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May 15, 2009
LeToya Returns With “She Ain’t Got Sh!t On Me” – The Official Ladies Anthem Of 2009!

“You’re a puppy on leash, time to come back home. I done let you out to play but you ain’t playing fair. You done met this little stray bringing fleas ‘round here!” – LeToya (She Aint Got Sh!t On Me)

LeToya has arrived! The Ne-Yo composed “Not Anymore” was just an introduction to what LeToya has in store on her forthcoming “Lady Love” release. On this Cory Bold (Mike Jones, Omarion, Keri Hilson) produced second single, LeToya let’s them know that she’s taking no prisoners (“Swing batta batta!”). Take a listen to the track!

She Ain’t Got Sh!t On Me (AUDIO):



Check out LeToya’s new bio where she discusses her new album and her new movie starring Ashton Kutcher and Katherine Heigl! You can follow LeToya on Twitter @letoyaluckett!


Brand names are just that—enduring. The blessing of a lifelong following is tempered by the curse of past accomplishments perpetually in tow. Many struggle when forced to step out from behind the name that’s propelled them to tip-of-the-tongue currency. Only the rarest make those fledgling first steps count. LeToya Luckett is one such triumph. Part of the global groundswell known as Destiny’s Child, LeToya counts two Grammy Awards and co-writing credits to the group’s smashes “Bills, Bills, Bills” and “Say My Name” as milestones in her rearview mirror. But her solo efforts have been no less emblematic. Riding smash single “Torn,” which topped BET’s 106 & Park countdown for 25 straight days, her self-titled debut astonishingly debuted at #1 on the Billboard Top 200 chart. From there, the album cruised to platinum status. LeToya had arrived; a tour with R&B demigoddess Mary J. Blige would follow. The child of destiny had blossomed into a self-starting female star.

By all appearances, LeToya’s transitions have been both smooth and satisfying. But growth is never without struggle. “Having endured a lot of separations and divorces —and I don’t mean just marital— from people that you love takes its toll,” she reveals, herself a veteran of the music business though still in her twenties. “These experiences left me stronger.

Now in 2009, on the verge of her second solo release Lady Love, LeToya is wiser and worldlier. Her subject matter, no longer restricted to the “safe” stuff of her first album, tackles real issues: love, fidelity, defiance, and ultimately, hope. A self-proclaimed “hopeless romantic,” Luckett knows that sincerity is not limited to relationships, but music as well: “If I don’t connect to a record, if I can’t feel it and if I can’t sell it, I won’t do it.” In some favorable ways, LeToya Luckett is very much the modern-day Millie Jackson: relatable, authentic, audacious and adept in capturing the everywoman hiding behind closed shutters and curtains. Her first single, “Not Anymore,” speaks to breaking free. Penned by songwriting savant Ne-Yo, “Not Anymore” tells the tale of a tenacious young lady determined to leave her disloyal boyfriend. The song’s mantra of “not settling for less” echoes LeToya’s drive and determination away from the microphone.

The second single, much more deliberately an impact record, is the brash “She Ain’t Got Sh!t On Me.” Featuring a staccato synth intro and imprudent, irrepressible drums, “She Ain’t Got Sh!t On Me” is destined to end up on dance floors and video countdowns everywhere, as the song delivers one of those rare moments LeToya terms “walking on water.” Moreover, it’s a leaps-and-bounds progression over her debut record, complete with cheeky, chiding vocals and delivery. “In the song, I’m not saying I’m perfect, but my man shouldn’t bring another girl home,” she chafes. “The song’s not really about whether this girl he’s cheating on with me has a fat ass or anything! It’s more about the quality that I bring; how much I care for him. It’s really a song for every middle-class woman. It’s speaking for them.” Other songs of note: “Don’t Need You,” a female anthem that’s wholly LeToya’s, in both demeanor and writing credits; the brilliantly poetic yet radio-friendly “Lazy;” “Good to Me,” which details the quest for the perfect man, one who doesn’t merely appease women by offering materialistic gifts known as “pacifiers.” LeToya has a head on her shoulders for sure. And that head is certainly on straight.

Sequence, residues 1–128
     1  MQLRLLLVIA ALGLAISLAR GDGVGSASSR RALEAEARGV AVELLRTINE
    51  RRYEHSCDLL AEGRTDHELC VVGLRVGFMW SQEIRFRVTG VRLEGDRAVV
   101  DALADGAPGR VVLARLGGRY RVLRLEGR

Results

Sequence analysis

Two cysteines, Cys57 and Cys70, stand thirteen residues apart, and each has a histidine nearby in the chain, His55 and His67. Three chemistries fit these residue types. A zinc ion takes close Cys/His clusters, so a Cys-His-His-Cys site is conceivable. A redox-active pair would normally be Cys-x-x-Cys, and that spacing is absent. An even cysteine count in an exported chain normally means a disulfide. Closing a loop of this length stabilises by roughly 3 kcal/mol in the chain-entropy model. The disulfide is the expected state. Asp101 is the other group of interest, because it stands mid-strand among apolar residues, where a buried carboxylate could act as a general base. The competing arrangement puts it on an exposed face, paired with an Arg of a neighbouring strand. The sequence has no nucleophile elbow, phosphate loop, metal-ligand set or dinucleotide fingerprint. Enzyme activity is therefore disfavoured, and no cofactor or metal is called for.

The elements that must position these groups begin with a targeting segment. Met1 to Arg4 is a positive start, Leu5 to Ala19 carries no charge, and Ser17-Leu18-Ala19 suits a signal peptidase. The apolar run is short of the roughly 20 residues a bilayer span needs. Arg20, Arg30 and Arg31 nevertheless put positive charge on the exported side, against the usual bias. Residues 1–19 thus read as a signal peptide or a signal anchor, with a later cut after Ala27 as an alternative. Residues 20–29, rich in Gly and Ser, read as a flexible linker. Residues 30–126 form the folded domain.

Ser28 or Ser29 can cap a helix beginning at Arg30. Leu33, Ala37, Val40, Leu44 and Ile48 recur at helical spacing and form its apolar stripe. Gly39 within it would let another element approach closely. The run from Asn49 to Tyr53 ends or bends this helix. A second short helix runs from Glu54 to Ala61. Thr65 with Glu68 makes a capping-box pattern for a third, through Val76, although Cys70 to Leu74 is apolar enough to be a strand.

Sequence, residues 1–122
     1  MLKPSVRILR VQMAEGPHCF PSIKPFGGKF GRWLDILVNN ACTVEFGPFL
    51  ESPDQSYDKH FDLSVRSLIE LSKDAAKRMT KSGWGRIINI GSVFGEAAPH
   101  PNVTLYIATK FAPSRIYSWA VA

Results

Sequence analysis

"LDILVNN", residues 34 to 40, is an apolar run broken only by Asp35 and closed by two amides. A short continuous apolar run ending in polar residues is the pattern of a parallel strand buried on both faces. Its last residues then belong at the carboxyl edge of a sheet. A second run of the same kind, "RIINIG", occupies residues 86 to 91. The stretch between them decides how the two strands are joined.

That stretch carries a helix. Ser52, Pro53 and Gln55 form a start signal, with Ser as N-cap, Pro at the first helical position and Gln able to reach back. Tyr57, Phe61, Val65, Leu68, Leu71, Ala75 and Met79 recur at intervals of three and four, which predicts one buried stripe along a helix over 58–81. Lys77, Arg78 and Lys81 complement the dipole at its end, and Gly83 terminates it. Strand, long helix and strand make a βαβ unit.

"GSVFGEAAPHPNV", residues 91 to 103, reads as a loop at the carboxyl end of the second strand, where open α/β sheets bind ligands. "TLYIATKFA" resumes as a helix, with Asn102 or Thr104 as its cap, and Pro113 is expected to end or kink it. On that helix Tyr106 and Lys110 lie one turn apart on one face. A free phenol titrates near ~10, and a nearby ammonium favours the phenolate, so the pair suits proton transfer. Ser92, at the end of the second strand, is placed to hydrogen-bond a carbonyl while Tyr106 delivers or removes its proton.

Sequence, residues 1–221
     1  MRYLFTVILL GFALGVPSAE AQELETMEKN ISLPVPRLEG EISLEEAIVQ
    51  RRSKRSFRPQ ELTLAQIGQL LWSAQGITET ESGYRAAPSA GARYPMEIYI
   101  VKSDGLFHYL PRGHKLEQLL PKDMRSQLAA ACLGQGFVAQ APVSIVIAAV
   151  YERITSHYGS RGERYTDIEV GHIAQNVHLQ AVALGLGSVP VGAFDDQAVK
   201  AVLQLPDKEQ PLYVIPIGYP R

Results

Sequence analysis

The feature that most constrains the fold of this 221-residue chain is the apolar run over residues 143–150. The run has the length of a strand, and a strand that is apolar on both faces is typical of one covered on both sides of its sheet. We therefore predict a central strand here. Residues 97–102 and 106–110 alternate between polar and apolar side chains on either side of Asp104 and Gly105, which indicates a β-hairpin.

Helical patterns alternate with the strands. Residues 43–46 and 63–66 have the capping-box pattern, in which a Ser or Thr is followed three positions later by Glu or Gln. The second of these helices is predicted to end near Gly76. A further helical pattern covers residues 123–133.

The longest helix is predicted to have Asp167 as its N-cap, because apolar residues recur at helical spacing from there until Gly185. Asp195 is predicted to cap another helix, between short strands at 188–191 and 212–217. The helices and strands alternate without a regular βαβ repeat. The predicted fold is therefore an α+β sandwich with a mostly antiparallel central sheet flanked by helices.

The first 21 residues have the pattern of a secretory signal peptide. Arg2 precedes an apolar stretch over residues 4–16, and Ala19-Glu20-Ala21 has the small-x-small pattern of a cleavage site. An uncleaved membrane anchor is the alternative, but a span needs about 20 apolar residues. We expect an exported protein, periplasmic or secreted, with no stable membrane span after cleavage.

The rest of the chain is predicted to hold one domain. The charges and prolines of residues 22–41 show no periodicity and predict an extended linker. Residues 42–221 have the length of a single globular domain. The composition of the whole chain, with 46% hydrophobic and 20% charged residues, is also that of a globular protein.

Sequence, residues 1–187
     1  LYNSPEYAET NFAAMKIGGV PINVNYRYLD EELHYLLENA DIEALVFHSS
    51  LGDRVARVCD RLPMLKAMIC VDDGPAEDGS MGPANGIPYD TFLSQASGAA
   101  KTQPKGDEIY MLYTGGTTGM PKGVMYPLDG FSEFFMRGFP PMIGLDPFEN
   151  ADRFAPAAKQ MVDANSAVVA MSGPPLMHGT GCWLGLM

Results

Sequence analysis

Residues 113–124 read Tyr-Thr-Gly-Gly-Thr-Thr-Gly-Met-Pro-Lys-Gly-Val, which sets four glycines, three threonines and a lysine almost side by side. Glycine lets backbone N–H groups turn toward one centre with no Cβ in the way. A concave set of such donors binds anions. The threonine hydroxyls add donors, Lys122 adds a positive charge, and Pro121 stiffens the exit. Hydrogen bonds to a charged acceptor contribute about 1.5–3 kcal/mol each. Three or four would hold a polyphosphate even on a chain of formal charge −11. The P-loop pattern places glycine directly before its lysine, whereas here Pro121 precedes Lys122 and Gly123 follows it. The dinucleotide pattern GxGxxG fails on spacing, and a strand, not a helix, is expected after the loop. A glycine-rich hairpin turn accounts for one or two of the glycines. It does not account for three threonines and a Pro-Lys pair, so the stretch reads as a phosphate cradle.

Elsewhere, LeToya Luckett has still other ways of speaking to fans. Look for her on in the upcoming Warner Premiere’s first theatrical movie Preacher’s Kid, due in theaters this fall. Her casting was fortuitous in more ways than one; on set she filmed with singer/songwriter Tank, with whom she collaborated for “Regret” and “Good to Me,” both found on Lady Love. But her big screen bonanza is just beginning. She’s currently filming the Lionsgate feature Five Killers alongside über-stars Ashton Kutcher and Katherine Heigl. Expect a mid-2010 release date. Additionally, LeToya keeps busy minding a pair of Houston clothing and accessory boutiques called Lady Elle. Luckett aims to stock the shelves with her own brand of clothing as well. And given her track record, there’s no reason to doubt her resolve or her results. “If she can do it, I can do it,” Luckett says as the rhetorical fan. “If she can go from being in one situation that a lot of people thought was a devastation, and then grow as a solo artist, I can make my dreams happen—there is hope.”

Buy “Not Anymore” on iTunes
Lady Love – Summer 2009
Capitol Records

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